They are widening when a developer can't apply for planning permission – could you be caught?


The Levelling-up and Regeneration Bill (LURB) is currently making its way through the House of Lords.  A government amendment which was passed on 26 April 2023 means that any person who has made an application for planning permission can have the local authority decline to determine the application.  This only applies where a developer has been granted planning permission which has been commenced but not substantially completed and the authority considers that the "carrying out of the development is unreasonably slow" and the developer then submits a fresh planning application in the same local authority's area. There are anti-avoidance provisions to prevent a developer getting round this by a connected person applying and a list of things that a local authority has to have regard to when deciding if the development has been unreasonably slow.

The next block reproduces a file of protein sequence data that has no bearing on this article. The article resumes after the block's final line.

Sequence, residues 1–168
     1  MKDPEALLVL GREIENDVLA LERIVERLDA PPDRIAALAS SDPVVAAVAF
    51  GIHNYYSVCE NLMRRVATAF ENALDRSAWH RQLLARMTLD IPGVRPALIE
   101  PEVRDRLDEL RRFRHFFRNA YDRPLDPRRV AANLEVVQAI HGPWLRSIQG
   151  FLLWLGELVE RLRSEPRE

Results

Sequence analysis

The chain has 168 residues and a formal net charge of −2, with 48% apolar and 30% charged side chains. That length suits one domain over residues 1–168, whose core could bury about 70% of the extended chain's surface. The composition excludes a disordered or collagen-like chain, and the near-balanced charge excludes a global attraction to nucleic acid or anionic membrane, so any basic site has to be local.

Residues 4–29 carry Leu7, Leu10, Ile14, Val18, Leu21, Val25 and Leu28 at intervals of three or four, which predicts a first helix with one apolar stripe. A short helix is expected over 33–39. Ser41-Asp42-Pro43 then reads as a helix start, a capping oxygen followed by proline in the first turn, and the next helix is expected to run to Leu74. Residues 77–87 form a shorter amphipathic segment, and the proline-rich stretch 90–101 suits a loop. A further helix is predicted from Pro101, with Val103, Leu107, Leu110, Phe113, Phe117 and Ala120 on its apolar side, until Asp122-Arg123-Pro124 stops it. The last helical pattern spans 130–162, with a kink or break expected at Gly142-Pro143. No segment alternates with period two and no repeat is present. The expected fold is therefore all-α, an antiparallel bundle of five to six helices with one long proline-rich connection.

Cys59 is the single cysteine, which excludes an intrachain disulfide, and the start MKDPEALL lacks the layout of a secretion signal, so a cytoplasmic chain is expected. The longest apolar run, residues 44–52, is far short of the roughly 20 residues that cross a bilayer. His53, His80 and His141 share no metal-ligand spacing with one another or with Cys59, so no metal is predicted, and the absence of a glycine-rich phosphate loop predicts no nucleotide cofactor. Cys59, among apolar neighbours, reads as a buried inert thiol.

Wider than before

Before the amendment the power to decline to determine an application only applied if the previous application included the same land.  Now following the amendment it applies if there has been any applicable planning application within the same local authority's area.


A developer who has more than one site within the area of a local authority could be prevented from having a planning application determined (which probably does not include a reserved matters application or an amendment to an existing permission) if they have commenced on the first site but not substantially completed it due to the local authority considering the development to be                 " unreasonably slow".

Going forward, the relationship between a developer and the local authority will be even more important as a local authority is less likely to use this power if they consider that they have a constructive relationship with the developer.  A good relationship (which is something that we would always recommend) would also enable a developer to explain build out rates on other sites and frame them in an appropriate context.

For further information on whether this amendment has a potential impact on your development please contact or

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